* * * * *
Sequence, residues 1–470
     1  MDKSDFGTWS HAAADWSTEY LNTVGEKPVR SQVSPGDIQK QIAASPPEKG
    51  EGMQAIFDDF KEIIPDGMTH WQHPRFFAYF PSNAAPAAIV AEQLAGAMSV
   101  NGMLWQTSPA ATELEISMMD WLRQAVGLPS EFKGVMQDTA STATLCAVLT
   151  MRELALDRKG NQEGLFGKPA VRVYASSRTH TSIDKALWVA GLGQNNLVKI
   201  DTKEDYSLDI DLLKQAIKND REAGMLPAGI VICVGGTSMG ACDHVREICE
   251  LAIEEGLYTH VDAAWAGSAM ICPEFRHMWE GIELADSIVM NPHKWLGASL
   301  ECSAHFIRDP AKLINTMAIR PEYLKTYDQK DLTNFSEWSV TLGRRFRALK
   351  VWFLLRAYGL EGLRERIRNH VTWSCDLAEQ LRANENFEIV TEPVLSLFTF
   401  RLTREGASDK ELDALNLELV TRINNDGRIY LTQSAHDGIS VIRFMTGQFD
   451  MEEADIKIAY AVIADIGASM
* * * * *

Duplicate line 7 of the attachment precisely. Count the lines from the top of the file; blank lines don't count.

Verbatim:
   251  LAIEEGLYTH VDAAWAGSAM ICPEFRHMWE GIELADSIVM NPHKWLGASL